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Thread: Removing/installing fuel tank

  1. #1
    Registered User rocketdog's Avatar
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    Default Removing/installing fuel tank

    I have been getting lots of crud in the fuel filter requiring a change every several hundred miles. So after 40 years the tank needed cleaning. I downloaded the Z Tech Tips for tank removal from the atlanticz.ca website. Most of the tips are similar except on my late 260 there is no need to do anything inside the hatch. The day before the removal I shot PB Blaster on the tank strap bolts. Removing the two vent hoses from the rear of the tank was my most difficult task since there is so little room to work. I had to cut the larger old braided line off the tank connection. The filler line actually came off easily using the weight of the dropping tank to help slip the filler hose off the tank connection.

    Performance Radiator in Phoenix did the cleaning and also banged out much of a dent I had in the rear of the tank. Cost was $165 and took them about a week. They are a national chain I believe.

    While the tank was out I checked my fuel sending unit as I was not getting any reading on the fuel gauge. The ohm readings for the sending unit were in spec and fluctuated correctly when the float was moved. This meant the fuel gauge was the problem. I tried several tests trying to see if the gauge would work and I got no results. I dropped the gauge off at Z Car Source in Phoenix (they have a website) and they recommended a rebuild to make sure the wiring was compatible. They shipped the completed gauge back to me within a day.

    Installing the cleaned tank: After regluing the rubber bumpers back on I jacked the tank up and canted it at a angle to get the two rear vent hoses attached. That was the worst part of the reinstall as there is little room for hands to work. Also having to cut one of the vent hoses required a splice of 5/8" heater hose to make it long enough to attach. Replacing that hose would be a huge task as it winds up through the rear and side of the back hatch to the evap tank. Once I got those attached I used the jack under the tank to push it up to help reinstall the filler tube which takes more finagling. I put all new fuel lines on and new filter of course. Connecting the fuel sending unit wiring is fussy. Those connectors are the trickiest to get on and 40-year-old rubber covers don't flex easily. I put dielectric grease on the connections.

    I reinstalled the fuel/amp gauge, filled the tank and got a full reading!!! Finally after all these years. A bit of cranking to get fuel up to the front but she runs fine and probably likes all the nice new clean fuel.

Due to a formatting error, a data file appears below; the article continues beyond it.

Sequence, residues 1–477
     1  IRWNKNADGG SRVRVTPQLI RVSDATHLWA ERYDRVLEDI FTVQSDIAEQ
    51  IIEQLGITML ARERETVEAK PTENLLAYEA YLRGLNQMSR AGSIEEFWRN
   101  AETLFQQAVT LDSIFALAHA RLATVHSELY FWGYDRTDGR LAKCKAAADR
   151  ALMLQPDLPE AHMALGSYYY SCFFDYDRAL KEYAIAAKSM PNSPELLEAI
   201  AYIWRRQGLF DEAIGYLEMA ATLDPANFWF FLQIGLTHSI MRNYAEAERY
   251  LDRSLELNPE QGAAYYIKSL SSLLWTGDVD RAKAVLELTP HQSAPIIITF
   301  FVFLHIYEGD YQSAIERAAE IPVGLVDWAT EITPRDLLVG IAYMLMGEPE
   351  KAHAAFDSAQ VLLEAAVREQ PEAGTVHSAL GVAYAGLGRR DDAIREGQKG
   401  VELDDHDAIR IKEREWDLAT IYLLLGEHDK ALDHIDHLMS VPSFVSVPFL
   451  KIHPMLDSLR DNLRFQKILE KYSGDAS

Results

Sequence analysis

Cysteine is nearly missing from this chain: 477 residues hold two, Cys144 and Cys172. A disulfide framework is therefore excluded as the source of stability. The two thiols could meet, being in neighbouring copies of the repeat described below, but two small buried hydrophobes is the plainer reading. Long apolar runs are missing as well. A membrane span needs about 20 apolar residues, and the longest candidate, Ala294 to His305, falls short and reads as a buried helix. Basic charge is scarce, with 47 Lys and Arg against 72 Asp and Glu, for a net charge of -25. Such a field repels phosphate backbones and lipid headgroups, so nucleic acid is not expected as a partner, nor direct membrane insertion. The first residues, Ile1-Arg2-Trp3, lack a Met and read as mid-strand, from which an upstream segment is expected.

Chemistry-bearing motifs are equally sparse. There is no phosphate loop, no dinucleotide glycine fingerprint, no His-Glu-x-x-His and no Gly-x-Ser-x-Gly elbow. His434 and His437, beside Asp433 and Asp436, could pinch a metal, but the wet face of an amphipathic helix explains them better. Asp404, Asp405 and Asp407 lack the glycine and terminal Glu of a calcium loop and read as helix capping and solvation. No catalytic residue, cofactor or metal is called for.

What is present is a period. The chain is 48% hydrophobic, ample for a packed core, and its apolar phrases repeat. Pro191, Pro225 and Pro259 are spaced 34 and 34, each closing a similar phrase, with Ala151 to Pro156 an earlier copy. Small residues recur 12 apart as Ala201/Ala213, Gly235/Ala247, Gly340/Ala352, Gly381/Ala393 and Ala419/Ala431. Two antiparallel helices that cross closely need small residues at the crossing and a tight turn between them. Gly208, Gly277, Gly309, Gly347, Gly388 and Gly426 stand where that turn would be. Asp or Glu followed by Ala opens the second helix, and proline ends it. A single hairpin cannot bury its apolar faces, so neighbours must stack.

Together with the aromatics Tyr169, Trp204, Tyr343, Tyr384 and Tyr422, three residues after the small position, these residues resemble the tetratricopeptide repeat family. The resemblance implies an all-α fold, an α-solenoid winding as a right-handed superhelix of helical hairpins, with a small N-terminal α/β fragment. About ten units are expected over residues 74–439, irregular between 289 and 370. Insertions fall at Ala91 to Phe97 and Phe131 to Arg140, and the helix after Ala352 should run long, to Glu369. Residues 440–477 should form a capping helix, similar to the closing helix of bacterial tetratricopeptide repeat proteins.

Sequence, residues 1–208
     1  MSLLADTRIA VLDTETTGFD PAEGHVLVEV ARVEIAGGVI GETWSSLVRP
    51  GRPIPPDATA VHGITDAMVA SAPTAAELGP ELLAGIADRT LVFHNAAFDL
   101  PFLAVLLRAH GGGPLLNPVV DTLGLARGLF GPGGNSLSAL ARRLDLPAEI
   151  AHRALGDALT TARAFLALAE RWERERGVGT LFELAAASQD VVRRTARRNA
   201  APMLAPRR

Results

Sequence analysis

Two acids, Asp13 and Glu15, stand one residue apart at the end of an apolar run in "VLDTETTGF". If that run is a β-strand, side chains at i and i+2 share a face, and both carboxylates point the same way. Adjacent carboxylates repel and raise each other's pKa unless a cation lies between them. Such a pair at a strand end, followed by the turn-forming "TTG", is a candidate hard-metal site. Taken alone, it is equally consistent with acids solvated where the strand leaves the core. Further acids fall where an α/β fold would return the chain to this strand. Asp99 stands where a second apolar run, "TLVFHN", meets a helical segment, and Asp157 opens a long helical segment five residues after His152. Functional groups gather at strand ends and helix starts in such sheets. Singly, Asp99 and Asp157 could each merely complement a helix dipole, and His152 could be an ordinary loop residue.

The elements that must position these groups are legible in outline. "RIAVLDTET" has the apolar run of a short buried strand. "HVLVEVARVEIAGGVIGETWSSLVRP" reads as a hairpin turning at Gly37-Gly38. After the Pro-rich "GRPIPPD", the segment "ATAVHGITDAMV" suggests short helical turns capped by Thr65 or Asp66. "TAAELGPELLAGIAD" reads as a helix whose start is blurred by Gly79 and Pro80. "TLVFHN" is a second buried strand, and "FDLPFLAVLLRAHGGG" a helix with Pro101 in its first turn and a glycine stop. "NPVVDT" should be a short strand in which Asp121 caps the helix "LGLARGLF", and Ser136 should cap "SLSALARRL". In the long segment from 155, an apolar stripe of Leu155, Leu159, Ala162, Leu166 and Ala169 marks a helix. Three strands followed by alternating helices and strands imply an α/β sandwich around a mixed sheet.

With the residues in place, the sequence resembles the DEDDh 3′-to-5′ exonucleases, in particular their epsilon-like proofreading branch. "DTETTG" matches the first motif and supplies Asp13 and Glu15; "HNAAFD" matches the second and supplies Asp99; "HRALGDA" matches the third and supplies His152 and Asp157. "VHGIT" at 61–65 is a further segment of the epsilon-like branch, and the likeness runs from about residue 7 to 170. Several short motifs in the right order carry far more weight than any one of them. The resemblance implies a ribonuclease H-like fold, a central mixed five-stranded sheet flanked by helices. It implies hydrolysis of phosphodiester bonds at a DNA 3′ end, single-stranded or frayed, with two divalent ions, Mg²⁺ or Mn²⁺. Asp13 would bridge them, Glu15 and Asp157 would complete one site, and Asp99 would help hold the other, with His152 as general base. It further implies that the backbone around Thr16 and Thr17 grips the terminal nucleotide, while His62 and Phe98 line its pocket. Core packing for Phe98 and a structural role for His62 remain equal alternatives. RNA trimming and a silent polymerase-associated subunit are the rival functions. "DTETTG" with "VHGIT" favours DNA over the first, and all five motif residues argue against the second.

Late 260Z; 2005 Daytona Blue paint; Triple Webers 40DCOE; competition springs w/Tokico HP shocks; Koenig 17x7 Crosshairs w/ Yokohama AVS 215/45 WR 17; Original owner; Show car w/ many awards

  2. #2
    Registered User siteunseen's Avatar
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    Congratulations! Nothing worse than a good running car running out of gas.
    1972 240Z #918 New Sight Orange
    1977 280Z #305 Light Blue Metallic
    1972 240Z #110 Persimmons Red

  3. #3
    Registered User Travel'n Man's Avatar
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    Hope you cleaned the ground for the fuel sending unit harness "while you were at it".
    Life's a journey; enjoy the ride!

    Mitchell
    L28 - N42 Block w/Flat tops - N42 Rebello Head & Cam - Triple 40 PHH Mikuni's - Headers - Recaro Seats -
    R180 3.9 Diff - Close Ratio 5 Speed - Toyota Vented Brake Upgrade w/ Porterfield High Performance Pads & Shoes

    1972 Datsun 240z
    HLS30-75040


  4. #4
    Registered User Pop's Z's Avatar
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    I hope the heater hose splice will not deteriorate when exposed to gas fumes. That hose is a PITA to fix.

    Cheers, Mike
    '73 240Z, 80,000 original miles, F54, N42 massaged and shaved (10.5-1 comp.), stage 2 cam, ZX ignition, Header, 2 1/2" exhaust w/ magnaflow muffler, 5 spd (Maxima), 4:11 R180 (200SX), 15" Rota RBs 205-60/15 Bridgestone Grid 109s, KYB struts, stock springs, rubber bushings, MSA sway bars and strut bars, HotRod Air hvac system, '90 300ZX seats, upgraded sound system, BRE-type spook and spoiler

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